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Dave Thomas Interview: The Corruption of Agile; Ruby and Elixir; Katas and More

Dave Thomas is a coauthor of the legendary Pragmatic Programmer book, one of the authors of the Agile Manifesto, a publisher, speaker, and the man who brought Ruby to the masses. I caught up with him at the Erlang Factory Conference in San Francisco to discuss why he hasn't attended an Agile event since he signed the manifesto, why he thinks Elixir is the next important language, and many other, well, pragmatic programming topics.

The Pragmatic Book

AB: The Pragmatic Programmer book is probably the first place folks saw your name.

DT: I think that's right.

AB: That book confirmed for me that all the things I was sloppy about were things I was truly doing wrong. It also showed me how many other things I needed to improve to be more than a journeyman.

DT: That book contained no original information whatsoever, but it did manage to distill what was commonly held information.

AB: Many of the things you recommended there are now standard practice. It's amazing how much of the industry, in terms of the discipline, has moved forward. Now things are much more about getting people to buy into continuous integration, for example, than it is about getting them to check their code in.

DT: Yes, the stunning thing to me is that if you look back to that time — 1999 — the fact that we felt it necessary to say "check in your code" is that prior to that, people weren't following that practice. I know intellectually that's true, but it's still stunning to me that that was the case.

AB: Cowboy programming was much more common then than it is today. It was about finding corners to cut, rather than using tools properly. What would you include today if you were writing that book now?

DT: A lot of the practices today are commonplace. What I would do with many of those would be to examine them because many of the things that are now commonplace are done through rote and not because they are understood. My classic example of that is testing. It's gone from being "if you tested, you were unusual and a saint" to now "if you don't test, you're the devil incarnate." And the reality is that testing is not universal and it shouldn't be universal. And to be someone who's doctrinaire about it is to misunderstand the point just as much as someone who doesn't test at all.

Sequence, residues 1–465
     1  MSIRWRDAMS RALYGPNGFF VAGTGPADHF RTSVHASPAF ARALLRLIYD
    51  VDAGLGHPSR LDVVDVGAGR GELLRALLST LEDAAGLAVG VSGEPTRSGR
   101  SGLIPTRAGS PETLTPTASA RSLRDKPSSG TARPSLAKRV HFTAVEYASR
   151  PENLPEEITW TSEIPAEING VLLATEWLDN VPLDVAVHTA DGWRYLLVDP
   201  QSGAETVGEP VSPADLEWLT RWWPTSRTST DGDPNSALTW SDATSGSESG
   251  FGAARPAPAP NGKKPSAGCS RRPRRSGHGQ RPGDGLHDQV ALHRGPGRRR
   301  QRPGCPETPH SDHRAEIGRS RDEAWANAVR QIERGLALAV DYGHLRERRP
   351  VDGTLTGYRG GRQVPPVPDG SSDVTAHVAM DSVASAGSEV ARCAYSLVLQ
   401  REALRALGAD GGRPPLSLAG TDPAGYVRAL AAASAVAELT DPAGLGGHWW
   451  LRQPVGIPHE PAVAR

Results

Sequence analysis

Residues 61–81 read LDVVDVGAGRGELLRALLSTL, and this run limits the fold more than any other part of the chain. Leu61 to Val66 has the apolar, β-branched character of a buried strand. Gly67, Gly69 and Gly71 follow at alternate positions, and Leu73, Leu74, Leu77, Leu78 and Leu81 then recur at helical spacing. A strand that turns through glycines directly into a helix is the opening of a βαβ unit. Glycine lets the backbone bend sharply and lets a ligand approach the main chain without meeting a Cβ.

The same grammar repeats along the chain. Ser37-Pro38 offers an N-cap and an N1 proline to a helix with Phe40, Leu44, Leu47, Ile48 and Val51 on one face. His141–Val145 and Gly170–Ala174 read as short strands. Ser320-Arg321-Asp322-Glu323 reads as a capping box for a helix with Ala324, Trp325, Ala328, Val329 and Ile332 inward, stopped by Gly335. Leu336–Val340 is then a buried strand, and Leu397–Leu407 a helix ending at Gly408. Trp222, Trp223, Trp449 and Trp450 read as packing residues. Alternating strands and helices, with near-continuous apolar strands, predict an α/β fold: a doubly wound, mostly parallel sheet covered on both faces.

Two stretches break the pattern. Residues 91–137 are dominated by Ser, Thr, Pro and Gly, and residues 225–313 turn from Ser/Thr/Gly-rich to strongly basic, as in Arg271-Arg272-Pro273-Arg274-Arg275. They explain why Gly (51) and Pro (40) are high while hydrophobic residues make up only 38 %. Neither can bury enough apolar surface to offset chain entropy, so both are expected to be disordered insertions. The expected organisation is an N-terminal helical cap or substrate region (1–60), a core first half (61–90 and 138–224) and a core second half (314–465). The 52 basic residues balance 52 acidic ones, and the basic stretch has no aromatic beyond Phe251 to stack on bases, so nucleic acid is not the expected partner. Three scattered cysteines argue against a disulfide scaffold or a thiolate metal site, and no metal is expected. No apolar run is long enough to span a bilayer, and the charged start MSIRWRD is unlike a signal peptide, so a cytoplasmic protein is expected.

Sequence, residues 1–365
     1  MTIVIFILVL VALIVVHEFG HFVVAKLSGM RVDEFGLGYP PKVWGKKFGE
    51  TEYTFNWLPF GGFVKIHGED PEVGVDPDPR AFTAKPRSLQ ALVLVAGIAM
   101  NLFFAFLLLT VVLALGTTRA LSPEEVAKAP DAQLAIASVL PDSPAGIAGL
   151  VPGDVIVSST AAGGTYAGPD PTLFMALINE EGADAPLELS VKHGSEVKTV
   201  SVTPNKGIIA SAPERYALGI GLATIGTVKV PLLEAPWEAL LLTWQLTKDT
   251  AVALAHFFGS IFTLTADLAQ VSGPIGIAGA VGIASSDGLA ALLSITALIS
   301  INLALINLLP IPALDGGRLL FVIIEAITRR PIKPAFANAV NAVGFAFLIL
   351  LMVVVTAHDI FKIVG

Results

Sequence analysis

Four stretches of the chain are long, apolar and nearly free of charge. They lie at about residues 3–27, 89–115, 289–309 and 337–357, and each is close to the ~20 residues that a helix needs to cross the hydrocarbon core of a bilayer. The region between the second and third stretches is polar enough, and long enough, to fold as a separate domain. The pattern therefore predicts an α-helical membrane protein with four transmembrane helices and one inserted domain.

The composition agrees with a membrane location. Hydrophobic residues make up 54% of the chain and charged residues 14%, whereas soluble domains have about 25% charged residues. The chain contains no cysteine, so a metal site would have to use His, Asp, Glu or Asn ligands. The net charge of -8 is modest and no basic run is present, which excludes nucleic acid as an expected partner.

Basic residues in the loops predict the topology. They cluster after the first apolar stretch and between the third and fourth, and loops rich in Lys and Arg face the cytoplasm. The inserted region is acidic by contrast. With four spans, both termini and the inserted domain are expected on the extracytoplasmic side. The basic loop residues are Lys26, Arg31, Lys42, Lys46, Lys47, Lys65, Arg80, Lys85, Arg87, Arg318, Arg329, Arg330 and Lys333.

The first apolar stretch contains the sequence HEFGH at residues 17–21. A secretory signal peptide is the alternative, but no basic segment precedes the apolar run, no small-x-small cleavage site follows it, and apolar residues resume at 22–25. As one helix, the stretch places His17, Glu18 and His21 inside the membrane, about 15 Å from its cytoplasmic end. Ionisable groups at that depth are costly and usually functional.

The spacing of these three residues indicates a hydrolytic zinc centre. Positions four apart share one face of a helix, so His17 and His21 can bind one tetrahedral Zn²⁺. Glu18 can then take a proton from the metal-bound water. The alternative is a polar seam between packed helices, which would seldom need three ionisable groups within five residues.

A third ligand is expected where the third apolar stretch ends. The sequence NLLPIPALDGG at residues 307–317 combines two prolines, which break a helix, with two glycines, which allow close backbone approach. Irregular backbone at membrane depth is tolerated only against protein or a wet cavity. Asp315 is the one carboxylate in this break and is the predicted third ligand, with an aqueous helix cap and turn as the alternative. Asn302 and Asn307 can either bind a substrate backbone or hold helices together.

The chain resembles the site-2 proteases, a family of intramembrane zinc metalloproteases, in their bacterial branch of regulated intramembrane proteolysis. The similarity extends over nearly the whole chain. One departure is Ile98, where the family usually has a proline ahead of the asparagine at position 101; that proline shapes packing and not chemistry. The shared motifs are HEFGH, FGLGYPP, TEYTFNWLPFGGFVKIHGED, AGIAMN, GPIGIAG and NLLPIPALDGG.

The whole point, to my mind, of the Agile Manifesto is that it's a set of personal practices that may scale to team level. You do not need a consultant to show you how to do that…And yet immediately what happened was that everyone and their dog hung out an Agile shingle and the whole thing turned into a branding exercise.

AB: There are a lot of doctrinaire views on that particular topic.

DT: Oh, absolutely! Yes, sometimes it doesn't make sense: "We won't accept your code unless we see the tests." Well, who are you to say? The tests are a tool. They're not a ticket. I'm not saying that testing is bad necessarily, but I am saying that the attitude towards many of these practices has gone past the point of intelligence to becoming just rote.

In addition, some of the vocabulary would change because our book predated the Agile Manifesto. And although I'm not a big fan of the way Agility has gone, I'd probably still update the book to be in line with the vocabulary people use. Some of the things would stay very much the same. Some of the techniques, such as Don't Repeat Yourself. It blows me away that that's become a standard acronym. I would like to re-emphasize: A lot of people view that as being "don't cut and paste." And I need to explain again that that's not the case.

The Corruption of Agile

AB: Let me move to the Agile Manifesto. You were one of the original signatories…

DT: Yes, yes. There were 17 of us that met in Snowbird in Utah in February 2001; and we came up with the four values and the common ground and practices. The way we came up with it was not something I'd ever experienced before. There were 17 people and everyone had their own ax to grind and their own particular viewpoint on what was best. And within a couple of hours, we'd come up with a way of working that let us discuss the principles behind what we were doing without going into the details.

So the framework itself, the actual four values, came out in half a day. It just kind of came. I think everyone kind of knew what they wanted to say. I think it was actually Martin Fowler and I — everyone else was having lunch — we were kind of sitting at a whiteboard just chatting through things and we came up with the "we value A over B" formulation, which as it turns out, has worked out really well.

AB: I think that perhaps a limitation is that a lot of people have interpreted it as "no B whatsoever."

DT: Indeed! And, in fact, we recognized that might happen at the time, and we put in the little phrase at the bottom: "whereas we value B, we value A more." So, we thought that would happen and we tried to stop it, but, of course, we…

AB: …can never control…

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